Lol Bronco as I said you have a high class problem. One day I hope to join you.

 

 

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Are you telling me all those analyst and traders woke up today baffled by this presentation? I can't believe anybody would buy a stock like JOE without asking the few questions like:

 

-How many acres are in their balance sheet?

-What was the historical selling price of this land?

-How much of this land can they sell per year?

-Is there demand for the land?

 

So far it looks like a lot of highly paid people on wall street are being tough to do their job. It kinda disgusts me to see that, what a clear lack of due diligence.

 

BeerBaron

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Einhorn vs. Berky - guess who is winning this round?

 

I tried to buy some long dated puts on Joe at a 15 strike yesterday - didn't go through.  Oh well.

 

I guess the stock is already heavily short, but it will be tough for the company to fight this off.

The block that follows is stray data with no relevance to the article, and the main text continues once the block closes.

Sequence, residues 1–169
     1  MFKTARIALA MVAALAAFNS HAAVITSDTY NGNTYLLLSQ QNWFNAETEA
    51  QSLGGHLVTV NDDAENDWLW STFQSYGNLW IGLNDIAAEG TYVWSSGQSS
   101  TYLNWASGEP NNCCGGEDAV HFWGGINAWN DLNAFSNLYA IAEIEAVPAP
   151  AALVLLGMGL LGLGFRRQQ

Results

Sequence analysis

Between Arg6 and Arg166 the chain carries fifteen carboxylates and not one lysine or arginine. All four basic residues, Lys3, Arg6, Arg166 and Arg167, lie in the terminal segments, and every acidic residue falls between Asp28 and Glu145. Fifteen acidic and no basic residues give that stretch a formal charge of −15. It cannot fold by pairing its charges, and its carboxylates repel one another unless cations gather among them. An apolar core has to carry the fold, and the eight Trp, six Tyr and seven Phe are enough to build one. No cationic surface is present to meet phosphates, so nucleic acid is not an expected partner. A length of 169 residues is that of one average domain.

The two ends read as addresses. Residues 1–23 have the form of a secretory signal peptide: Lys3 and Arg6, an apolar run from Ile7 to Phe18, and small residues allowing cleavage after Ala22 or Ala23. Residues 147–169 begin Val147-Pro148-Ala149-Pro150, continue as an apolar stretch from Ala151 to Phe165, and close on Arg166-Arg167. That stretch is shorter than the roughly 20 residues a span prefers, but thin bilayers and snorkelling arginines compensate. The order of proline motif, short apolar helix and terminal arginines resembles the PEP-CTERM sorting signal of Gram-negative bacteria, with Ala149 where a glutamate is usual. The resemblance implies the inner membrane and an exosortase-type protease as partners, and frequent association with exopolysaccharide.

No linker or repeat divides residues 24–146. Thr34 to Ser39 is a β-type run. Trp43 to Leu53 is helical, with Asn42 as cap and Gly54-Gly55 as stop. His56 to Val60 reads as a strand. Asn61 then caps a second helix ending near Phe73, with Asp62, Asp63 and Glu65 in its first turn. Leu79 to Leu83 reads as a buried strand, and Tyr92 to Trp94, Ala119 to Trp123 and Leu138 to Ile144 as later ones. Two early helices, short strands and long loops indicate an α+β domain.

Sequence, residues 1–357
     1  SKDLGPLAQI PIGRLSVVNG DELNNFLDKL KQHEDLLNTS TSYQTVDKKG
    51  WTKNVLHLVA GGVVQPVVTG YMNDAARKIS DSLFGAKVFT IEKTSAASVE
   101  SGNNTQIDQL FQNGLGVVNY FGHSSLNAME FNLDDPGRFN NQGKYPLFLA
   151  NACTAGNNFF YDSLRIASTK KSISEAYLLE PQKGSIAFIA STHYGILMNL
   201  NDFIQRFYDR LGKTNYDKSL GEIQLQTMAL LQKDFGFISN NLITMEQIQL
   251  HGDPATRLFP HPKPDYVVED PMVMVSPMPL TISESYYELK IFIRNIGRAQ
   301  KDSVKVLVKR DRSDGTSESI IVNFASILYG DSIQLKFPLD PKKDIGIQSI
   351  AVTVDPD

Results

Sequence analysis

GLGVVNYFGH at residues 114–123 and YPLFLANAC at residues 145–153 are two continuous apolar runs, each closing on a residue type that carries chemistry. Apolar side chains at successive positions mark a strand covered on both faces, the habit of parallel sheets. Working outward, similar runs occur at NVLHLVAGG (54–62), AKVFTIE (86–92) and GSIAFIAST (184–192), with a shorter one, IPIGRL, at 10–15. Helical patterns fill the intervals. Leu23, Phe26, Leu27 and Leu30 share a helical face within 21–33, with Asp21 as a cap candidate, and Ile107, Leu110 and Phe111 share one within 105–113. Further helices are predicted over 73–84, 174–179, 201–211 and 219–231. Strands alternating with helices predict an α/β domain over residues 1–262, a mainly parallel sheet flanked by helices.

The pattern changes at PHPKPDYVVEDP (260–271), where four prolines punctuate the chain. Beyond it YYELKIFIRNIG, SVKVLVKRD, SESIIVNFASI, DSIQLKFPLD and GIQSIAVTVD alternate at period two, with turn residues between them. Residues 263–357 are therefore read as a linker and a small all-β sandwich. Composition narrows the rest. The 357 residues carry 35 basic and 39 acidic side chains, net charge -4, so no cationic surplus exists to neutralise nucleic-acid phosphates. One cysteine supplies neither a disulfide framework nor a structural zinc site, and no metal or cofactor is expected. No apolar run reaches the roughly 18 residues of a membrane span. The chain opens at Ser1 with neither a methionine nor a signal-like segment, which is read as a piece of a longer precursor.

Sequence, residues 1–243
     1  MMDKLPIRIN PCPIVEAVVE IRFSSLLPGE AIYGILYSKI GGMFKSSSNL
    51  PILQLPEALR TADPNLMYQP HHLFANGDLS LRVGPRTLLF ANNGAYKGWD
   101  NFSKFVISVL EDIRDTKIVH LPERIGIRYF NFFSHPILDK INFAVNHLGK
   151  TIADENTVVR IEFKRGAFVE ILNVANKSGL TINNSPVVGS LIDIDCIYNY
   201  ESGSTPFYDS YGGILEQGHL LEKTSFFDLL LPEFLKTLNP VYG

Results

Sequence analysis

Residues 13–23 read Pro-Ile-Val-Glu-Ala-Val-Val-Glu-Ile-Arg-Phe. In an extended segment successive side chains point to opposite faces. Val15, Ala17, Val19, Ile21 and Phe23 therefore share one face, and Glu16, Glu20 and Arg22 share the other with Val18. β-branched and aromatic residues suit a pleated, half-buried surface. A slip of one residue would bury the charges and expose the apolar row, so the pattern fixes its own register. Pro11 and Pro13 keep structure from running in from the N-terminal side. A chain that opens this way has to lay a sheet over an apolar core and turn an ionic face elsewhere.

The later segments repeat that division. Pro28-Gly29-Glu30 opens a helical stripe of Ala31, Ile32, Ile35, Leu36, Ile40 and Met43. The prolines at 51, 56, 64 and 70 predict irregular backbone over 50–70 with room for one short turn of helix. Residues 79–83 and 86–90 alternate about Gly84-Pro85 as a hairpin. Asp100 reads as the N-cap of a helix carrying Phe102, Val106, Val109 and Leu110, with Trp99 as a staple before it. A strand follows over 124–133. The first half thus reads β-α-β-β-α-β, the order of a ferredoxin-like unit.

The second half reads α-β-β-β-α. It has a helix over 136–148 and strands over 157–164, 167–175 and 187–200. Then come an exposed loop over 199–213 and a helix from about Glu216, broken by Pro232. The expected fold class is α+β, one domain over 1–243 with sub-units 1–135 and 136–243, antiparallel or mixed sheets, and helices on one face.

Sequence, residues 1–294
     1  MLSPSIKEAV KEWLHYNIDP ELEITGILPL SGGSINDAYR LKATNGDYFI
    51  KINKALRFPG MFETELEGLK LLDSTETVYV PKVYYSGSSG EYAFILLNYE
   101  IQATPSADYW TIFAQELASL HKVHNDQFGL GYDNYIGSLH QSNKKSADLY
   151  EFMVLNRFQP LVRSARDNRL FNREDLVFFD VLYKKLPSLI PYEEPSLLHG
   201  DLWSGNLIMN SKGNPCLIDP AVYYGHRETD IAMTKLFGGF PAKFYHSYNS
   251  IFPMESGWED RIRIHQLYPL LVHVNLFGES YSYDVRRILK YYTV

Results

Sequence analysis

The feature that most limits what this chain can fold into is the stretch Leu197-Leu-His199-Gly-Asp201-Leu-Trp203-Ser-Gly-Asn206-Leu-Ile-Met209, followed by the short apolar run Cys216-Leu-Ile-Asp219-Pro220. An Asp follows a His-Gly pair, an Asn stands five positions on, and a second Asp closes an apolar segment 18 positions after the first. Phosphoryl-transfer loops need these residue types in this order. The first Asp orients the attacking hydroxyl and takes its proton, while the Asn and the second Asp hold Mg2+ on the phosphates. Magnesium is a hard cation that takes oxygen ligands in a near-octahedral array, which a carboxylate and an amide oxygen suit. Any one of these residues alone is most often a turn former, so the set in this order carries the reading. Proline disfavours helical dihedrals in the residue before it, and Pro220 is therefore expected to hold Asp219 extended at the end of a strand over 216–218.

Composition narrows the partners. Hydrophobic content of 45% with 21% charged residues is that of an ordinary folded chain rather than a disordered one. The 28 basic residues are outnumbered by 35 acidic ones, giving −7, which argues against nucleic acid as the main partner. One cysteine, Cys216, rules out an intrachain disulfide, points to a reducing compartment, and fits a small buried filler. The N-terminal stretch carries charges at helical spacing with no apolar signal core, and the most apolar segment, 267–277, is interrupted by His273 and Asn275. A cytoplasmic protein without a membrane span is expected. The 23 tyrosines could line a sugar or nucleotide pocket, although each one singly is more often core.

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I find the JOE position puzzling as well.  It's too hard to figure out real estate unless you really know what you're doing and have the ability to do some real due diligence. 

 

It will be interesting to see what Berkowitz does now that he has "gone active."

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Einhorn is right, but if St. Joe doesn't spend too much on developments, they can drag this on a long time by selling rural land.  Anyone short could be in some trouble with any positive news around the company.  And if they do take impairments, they'll do it slowly.  Cheers!

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Incidentally, I wish regulators would follow the Europeans and force short sellers to file their positions over a certain threshold.  I sure would be interested in knowing exactly who else is short St. Joe with Einhorn.  Longs have to file, why shouldn't shorts be required to as well.  I've been arguing and wishing for this for about seven years now!  Cheers!

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Einhorn is right, but if St. Joe doesn't spend too much on developments, they can drag this on a long time by selling rural land.  Anyone short could be in some trouble with any positive news around the company.  And if they do take impairments, they'll do it slowly.  Cheers!